NCCR Director: Prof. Hanns Möhler (2001-2005), Martin Schwab (2005 - 2013)
Home Institution: University of Zurich
Research in the NCCR and major results
The central goal of the NCCR Neuro was to better understand the mechanisms and causes of neurological diseases and to alleviate the suffering of patients by designing and testing novel therapies for the future. After 12 years, an abundance of key novel insights were obtained in basic science which gave rise to new therapeutic approaches. Successful translations into clinical trials were achieved in the cases of Alzheimer’s disease, spinal cord injury, and robot-assisted neurorehabilitation.
The research structure of the NCCR was determined by its overall topic, Neural Plasticity and Repair. From its inception, eight projects, usually consisting of basic and clinical neuroscientists and frequently an engineering or industrial partner, focused mainly on neural plasticity (stem cells, neuroprotection, plasticity and regeneration) and new strategies for the repair of central nervous system damage (Alzheimer’s disease, stroke, epilepsy, multiple sclerosis and spinal cord injury). Projects in neuro-oncology and neurorehabilitation engineering were added during the course of the NCCR.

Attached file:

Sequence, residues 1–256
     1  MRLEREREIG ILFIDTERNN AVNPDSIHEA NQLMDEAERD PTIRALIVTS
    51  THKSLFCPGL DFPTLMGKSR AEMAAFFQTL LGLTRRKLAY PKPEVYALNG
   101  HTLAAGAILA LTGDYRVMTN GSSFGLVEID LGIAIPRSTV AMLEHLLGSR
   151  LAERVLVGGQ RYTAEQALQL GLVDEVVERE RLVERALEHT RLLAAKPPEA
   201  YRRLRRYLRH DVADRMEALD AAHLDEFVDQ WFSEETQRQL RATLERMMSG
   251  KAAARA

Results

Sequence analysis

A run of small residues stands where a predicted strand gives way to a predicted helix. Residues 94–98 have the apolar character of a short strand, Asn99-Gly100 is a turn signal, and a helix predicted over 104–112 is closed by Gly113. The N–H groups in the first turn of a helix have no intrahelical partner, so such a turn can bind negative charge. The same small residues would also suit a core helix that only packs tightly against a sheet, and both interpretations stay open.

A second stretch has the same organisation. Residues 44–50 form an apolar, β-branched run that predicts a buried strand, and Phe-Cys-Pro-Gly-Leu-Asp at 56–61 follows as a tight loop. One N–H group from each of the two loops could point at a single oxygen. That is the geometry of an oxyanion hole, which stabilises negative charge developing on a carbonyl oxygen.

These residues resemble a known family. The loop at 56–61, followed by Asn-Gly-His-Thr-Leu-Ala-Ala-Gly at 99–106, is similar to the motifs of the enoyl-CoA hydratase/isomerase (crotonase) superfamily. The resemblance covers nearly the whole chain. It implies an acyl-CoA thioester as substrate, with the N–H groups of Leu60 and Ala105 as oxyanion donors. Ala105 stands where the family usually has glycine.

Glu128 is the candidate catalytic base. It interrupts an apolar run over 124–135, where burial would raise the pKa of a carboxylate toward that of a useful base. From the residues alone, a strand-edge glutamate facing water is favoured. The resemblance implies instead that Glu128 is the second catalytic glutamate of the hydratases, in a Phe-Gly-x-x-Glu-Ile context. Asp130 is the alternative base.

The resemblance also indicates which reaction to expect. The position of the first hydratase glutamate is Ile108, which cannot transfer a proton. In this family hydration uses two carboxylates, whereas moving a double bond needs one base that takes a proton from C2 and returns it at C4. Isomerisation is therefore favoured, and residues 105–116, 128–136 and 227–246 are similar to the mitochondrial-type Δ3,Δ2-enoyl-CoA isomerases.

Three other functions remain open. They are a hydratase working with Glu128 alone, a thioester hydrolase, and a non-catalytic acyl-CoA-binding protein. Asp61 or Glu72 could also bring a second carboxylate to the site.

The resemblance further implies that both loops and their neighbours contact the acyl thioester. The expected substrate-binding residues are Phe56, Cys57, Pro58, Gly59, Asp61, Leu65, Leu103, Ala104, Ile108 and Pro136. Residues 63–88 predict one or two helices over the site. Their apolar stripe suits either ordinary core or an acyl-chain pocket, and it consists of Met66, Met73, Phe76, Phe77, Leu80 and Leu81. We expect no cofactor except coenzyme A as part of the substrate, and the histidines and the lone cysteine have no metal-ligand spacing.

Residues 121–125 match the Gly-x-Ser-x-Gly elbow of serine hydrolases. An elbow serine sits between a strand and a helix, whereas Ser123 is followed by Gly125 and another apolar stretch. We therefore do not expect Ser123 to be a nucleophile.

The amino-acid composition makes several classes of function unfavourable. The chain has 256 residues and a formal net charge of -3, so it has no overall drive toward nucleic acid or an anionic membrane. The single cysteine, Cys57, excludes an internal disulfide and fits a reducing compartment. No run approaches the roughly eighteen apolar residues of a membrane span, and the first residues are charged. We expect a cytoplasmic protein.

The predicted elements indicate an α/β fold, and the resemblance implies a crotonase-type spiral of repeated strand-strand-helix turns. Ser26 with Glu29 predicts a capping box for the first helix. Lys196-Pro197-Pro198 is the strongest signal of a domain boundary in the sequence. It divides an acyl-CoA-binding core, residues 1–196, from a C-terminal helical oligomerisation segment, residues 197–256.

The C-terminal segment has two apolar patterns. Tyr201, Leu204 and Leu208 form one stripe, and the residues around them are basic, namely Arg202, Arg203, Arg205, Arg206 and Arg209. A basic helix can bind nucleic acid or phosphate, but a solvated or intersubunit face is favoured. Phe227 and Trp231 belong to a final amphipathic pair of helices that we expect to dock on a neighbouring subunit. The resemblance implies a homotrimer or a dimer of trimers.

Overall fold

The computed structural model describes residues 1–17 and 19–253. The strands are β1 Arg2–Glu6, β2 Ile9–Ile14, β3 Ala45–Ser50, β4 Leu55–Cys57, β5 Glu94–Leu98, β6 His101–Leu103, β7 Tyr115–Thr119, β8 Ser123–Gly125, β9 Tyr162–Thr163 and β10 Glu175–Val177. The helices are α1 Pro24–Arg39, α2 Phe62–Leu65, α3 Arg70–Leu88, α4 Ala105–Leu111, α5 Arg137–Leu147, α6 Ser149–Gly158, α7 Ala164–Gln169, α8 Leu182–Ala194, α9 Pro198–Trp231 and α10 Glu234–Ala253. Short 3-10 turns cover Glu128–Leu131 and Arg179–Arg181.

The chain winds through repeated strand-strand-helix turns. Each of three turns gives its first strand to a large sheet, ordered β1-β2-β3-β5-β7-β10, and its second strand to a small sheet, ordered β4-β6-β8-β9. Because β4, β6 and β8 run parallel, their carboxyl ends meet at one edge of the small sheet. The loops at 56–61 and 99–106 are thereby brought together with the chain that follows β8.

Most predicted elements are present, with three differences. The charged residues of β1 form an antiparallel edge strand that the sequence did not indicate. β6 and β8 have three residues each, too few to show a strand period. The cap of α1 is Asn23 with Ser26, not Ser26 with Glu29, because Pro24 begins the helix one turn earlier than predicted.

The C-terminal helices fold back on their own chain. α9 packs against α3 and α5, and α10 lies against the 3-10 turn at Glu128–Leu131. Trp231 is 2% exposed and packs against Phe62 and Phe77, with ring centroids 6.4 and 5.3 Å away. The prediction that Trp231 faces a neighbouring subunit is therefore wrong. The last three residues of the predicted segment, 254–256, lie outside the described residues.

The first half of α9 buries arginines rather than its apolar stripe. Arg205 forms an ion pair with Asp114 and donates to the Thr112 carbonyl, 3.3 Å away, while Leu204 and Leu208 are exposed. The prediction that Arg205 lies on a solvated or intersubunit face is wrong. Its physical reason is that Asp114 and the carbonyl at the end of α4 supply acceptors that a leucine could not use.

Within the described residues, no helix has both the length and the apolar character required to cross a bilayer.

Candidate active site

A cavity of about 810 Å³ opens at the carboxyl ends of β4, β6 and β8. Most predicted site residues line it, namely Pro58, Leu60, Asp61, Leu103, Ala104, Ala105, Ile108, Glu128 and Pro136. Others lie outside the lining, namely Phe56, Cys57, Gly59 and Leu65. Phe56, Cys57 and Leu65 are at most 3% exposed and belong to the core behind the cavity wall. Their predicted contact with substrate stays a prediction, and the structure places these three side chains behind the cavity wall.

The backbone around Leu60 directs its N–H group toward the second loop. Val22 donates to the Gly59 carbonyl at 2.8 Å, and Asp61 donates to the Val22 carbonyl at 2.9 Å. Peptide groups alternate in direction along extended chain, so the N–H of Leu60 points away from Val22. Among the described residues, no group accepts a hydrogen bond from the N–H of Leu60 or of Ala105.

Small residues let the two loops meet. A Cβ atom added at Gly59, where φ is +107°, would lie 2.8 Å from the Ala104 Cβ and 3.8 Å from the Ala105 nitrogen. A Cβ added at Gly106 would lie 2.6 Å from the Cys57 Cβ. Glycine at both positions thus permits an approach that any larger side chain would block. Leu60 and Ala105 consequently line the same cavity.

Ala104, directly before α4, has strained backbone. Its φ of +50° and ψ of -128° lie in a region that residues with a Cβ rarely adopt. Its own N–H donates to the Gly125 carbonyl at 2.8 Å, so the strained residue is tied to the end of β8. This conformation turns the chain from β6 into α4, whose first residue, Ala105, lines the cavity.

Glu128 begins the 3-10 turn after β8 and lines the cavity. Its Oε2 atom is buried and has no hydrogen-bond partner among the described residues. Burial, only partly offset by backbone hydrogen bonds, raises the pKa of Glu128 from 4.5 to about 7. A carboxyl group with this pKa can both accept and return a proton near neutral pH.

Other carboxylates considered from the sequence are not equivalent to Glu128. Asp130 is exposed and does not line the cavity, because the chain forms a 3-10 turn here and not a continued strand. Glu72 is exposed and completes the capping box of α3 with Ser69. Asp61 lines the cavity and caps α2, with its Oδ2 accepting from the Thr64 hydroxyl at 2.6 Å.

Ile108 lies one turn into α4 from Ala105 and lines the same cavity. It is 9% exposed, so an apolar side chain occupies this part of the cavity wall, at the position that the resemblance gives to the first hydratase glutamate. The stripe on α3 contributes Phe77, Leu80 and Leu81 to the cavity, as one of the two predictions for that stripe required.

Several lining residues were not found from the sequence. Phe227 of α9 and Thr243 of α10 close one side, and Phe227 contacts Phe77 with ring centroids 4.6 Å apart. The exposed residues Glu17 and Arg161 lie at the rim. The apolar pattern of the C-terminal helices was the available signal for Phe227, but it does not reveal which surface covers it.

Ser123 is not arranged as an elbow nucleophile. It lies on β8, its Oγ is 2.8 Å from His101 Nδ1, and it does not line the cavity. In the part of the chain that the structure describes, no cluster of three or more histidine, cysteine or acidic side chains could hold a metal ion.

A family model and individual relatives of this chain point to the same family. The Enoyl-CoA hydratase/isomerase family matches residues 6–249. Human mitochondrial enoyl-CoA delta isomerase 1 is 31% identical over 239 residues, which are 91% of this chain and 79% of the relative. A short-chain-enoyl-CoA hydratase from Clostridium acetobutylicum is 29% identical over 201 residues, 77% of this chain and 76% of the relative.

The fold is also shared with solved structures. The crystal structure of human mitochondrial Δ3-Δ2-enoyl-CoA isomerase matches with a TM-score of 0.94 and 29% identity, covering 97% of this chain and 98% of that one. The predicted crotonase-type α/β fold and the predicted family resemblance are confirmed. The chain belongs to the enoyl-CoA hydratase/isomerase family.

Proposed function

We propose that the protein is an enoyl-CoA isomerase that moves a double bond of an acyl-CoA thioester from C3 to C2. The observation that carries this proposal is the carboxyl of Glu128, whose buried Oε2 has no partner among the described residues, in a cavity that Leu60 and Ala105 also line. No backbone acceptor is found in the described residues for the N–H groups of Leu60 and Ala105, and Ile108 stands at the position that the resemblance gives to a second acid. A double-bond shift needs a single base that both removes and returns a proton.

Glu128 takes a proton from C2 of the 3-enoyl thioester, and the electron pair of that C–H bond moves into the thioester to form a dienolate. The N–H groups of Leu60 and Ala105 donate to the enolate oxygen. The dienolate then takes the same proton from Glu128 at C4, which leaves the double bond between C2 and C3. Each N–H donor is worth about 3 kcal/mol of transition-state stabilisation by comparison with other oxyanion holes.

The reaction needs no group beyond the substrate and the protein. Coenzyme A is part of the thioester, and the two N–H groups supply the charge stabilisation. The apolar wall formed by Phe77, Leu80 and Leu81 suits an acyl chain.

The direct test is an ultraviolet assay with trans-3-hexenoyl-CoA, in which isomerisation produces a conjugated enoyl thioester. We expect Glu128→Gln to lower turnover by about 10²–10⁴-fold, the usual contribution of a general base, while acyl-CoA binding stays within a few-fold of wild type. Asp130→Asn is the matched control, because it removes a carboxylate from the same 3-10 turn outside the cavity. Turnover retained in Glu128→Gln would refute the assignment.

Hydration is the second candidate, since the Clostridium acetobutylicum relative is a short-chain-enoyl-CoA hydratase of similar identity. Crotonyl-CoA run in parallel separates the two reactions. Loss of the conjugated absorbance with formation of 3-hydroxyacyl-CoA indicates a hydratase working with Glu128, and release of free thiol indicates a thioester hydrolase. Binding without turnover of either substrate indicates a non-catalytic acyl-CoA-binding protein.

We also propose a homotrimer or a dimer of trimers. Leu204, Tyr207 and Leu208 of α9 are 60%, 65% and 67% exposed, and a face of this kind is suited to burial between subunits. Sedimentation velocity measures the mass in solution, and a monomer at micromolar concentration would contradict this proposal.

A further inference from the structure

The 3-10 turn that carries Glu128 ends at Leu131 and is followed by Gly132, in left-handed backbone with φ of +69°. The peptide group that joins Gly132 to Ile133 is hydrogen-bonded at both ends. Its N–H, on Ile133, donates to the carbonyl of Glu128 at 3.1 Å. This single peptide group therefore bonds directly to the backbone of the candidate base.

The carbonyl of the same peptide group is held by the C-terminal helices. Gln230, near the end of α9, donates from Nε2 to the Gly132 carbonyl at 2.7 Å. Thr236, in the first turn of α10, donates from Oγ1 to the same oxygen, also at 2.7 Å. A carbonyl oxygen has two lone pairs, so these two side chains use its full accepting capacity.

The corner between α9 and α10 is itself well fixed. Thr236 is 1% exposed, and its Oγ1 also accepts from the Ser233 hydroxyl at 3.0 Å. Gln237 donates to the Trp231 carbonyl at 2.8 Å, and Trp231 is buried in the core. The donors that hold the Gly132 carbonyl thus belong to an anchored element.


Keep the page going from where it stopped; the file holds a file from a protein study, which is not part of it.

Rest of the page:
Important advances were made in the understanding of brain functions and disease pathology. They included the identification of signaling pathways in neural stem cell fate determination, the formation of new circuits following spinal cord and brain injury as a basis of functional restoration after lesions, the discovery of the presence of antibodies with neuroprotective potential in healthy volunteers, the identification of new inflammatory mediators and cascades in multiple sclerosis and prion protein diseases, and important new insights into the function and plasticity of the animal and human sensory-motor cortexes.
International standing of Swiss research
Structural development – Perspectives for the research domain
Knowledge and technology transfer to society and industry
Promotion of young scientists and the academic careers of women